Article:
Valve has been making a number of tweaks under the hood to Steam’s user review system in the hopes of mitigating issues like review bombing. Now, the “featured” reviews for games are being updated to more accurately reflect the game’s score, while review bombers are being weeded out based on their review rating history.
In recent times, review bombing has become a common practice whenever a controversial decision is made in a game; for instance, the practice swiftly knocked No Man’s Sky to an “Overwhelmingly Negative” rating on Steam after its initial reception.
Over the past year, Valve has taken steps to adjust the system to combat this, first adding histograms so users could get a sense of whether a positively-received game suddenly saw an influx of negative reviews or vice versa. They later provided notifications indicating time periods in which large volumes of negative reviews were detected.
However, the new changes are twofold. First off, the reviews shown on a game’s store page will now reflect the game’s current user score on Steam. So if a game has an 80% positive review record, then the ten reviews will be split in a similar way, with 8 positive and 2 negative on display.
Secondly, user rating activity will be monitored, weeding out players who mass-rate reviews. Ratings will now be weighted according to the activity on each user’s account. If the user is found to frequently spam-rate reviews, each rating they provide will count for less than someone who is using the system in a regular capacity.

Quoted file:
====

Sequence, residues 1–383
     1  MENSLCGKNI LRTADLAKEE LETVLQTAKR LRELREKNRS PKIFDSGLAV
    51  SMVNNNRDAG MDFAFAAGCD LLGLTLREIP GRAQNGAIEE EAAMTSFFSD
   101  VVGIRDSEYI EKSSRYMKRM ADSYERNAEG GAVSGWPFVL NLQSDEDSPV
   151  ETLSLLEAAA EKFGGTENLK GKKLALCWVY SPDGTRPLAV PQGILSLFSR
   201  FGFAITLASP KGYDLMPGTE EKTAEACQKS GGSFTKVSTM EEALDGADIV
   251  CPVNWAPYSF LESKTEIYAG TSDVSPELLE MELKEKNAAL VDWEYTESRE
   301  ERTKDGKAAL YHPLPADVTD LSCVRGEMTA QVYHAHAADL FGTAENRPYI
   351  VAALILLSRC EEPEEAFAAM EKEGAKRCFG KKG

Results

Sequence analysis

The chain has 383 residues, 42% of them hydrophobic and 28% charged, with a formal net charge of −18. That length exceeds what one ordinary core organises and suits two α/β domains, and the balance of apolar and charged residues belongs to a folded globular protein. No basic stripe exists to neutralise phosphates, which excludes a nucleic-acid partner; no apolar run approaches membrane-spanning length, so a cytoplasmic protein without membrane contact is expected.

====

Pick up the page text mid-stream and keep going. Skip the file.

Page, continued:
The goal here is to combat the fact that, while players can only leave one review on a game, they can rate any number of reviews as “helpful” or “unhelpful”. According to Valve, certain accounts have been found to be “rating more than 10,000 reviews as helpful or unhelpful on a single game.” This has allowed Steam users to use the rating system as a way to give attention to the reviews they want to see, as opposed to the ones that are widely considered helpful.
These new systems should help to punish players abusing Steam’s review system, as well as giving more balanced opinions on certain games. It’s not uncommon to look at a game with “Mixed” reviews on Steam, only to find that the positive half of the reviews are nowhere to be found on the main store page. With Steam’s three big fall/winter sales on the horizon, it’s great to see Valve making an effort to ensure games aren’t buried simply because of dissatisfied fans.